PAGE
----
Tesla keeps making changes to the options and configurations of its current flagship sedan, the Model S, as it brings to market the less expensive Model 3.
Now we learn that the automaker is discontinuing the rear-wheel drive Model S 75, its cheapest option for the vehicle, as soon as next week.
Just before the launch of the Model 3 in July, Tesla confirmed that it would be coming but without confirming the timing.
Sources have confirmed to Electrek that Tesla plans to remove the option from its online design studio on Sunday, September 24th. (Update: Tesla confirmed the information).
With the rear-wheel drive option, the Model S currently starts at $69,500 in the US (before the $1,000 referral discount) and the dual motor all-wheel-drive option comes with a $5,000 charge.
Unless Tesla changes the price with the discontinuation of the rear-wheel drive option, the Model S will now start at $74,500.
It means that potential customers have until Sunday to custom order the Model S 75 before it becomes unavailable.
The automaker is producing more inventory units with the configuration in order for customers to still have the option to buy the vehicle and take delivery throughout the fourth quarter, but as soon as Tesla sells out its inventory Model S 75 vehicles, the version of the Model S will be officially gone.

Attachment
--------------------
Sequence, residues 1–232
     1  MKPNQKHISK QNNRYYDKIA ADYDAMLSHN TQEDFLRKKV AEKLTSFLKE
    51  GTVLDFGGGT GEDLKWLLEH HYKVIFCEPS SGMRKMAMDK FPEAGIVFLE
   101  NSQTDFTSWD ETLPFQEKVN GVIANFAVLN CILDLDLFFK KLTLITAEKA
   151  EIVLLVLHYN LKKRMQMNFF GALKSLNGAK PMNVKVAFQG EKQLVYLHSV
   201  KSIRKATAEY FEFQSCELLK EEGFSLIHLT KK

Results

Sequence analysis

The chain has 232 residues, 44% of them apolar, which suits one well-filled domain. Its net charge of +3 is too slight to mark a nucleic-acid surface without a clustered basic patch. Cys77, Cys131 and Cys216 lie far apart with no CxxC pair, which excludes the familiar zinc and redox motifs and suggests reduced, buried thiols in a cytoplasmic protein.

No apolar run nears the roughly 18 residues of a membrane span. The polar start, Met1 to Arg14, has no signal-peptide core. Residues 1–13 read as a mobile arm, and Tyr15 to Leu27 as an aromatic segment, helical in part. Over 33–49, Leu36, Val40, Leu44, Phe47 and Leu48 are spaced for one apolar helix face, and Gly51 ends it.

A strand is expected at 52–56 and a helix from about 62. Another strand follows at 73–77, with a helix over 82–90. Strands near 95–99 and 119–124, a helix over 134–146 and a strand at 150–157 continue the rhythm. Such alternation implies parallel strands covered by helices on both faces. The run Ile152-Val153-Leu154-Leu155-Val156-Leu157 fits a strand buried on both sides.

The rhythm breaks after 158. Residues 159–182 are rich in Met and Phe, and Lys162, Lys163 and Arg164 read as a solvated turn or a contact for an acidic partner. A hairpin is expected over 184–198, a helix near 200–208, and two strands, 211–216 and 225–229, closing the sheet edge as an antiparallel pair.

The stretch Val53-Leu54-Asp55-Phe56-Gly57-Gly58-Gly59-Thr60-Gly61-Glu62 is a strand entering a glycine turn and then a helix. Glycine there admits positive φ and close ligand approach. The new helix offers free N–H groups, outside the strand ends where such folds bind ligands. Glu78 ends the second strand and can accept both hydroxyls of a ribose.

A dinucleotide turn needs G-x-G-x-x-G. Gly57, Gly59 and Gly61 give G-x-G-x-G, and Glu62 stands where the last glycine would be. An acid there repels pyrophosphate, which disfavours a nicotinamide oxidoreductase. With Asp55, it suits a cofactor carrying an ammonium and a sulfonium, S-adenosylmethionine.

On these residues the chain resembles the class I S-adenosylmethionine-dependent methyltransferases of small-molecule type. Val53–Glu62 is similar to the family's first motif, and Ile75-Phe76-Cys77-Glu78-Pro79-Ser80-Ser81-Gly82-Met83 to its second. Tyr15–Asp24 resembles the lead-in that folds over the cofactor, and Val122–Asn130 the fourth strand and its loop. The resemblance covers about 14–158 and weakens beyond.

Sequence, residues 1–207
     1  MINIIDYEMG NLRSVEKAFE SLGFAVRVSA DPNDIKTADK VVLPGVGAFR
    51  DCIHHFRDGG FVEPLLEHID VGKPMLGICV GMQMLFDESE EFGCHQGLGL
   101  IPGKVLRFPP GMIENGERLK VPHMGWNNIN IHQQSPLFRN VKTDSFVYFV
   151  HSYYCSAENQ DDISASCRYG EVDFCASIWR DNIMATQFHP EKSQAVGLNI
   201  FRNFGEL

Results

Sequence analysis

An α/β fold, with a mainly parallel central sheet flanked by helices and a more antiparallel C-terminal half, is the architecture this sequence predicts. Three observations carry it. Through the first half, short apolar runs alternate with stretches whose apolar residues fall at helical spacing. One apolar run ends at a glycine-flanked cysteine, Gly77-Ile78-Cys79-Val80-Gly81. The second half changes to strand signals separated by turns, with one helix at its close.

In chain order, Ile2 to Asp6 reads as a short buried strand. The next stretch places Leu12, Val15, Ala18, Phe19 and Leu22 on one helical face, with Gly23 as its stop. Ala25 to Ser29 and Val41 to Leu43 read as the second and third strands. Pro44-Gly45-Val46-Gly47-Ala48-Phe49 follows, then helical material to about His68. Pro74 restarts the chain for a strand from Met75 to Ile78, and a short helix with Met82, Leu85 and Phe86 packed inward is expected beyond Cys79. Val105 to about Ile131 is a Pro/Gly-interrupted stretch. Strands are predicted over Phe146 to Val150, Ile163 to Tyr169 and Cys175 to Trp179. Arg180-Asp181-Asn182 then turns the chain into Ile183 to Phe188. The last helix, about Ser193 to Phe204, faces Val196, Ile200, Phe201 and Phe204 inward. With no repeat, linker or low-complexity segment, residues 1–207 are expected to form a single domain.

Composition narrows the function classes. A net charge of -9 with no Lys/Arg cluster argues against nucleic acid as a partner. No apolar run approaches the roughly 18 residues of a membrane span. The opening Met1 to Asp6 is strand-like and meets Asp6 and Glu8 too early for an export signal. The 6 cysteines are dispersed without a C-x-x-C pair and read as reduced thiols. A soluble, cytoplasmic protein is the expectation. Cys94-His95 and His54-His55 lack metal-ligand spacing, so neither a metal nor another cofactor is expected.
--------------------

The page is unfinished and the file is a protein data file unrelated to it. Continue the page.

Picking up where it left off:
Since the Model X is already only available with dual motor all-wheel drive, the Model 3 will become the only Tesla vehicle offered with a rear-wheel drive motor.
While the move could be useful to streamline the Model S production line, it also likely has something to do with better differentiating the base version of Model S with the new Model 3 in order for the latter not to cannibalize the sales of the former.
At first, CEO Elon Musk said that the dual motor version of the Model 3 should come just a few months after the start of production of the base version with a rear-wheel drive motor, but we have since learned that Tesla pushed all-wheel drive Model 3 production to Spring 2018.
It will create a more important price gap between the bigger and higher performance Model S and the smaller and less expensive Model 3.
Furthermore, having the dual motor option as the base option for Model S increases both base range and performance for Tesla’s flagship sedan – creating a more important performance gap with Model 3.
Finally, the change comes just at the end of the third quarter, which could help Tesla close sales (for custom orders) and deliveries (for inventory vehicles) of the currently cheapest Model S option before it is discontinued.
Aside from pre-owned cars, it looks like a Model S 75 bought with the referral program could be the cheapest way to get free unlimited access to the Supercharger network before Tesla finally switches to its new pay-per-use model.
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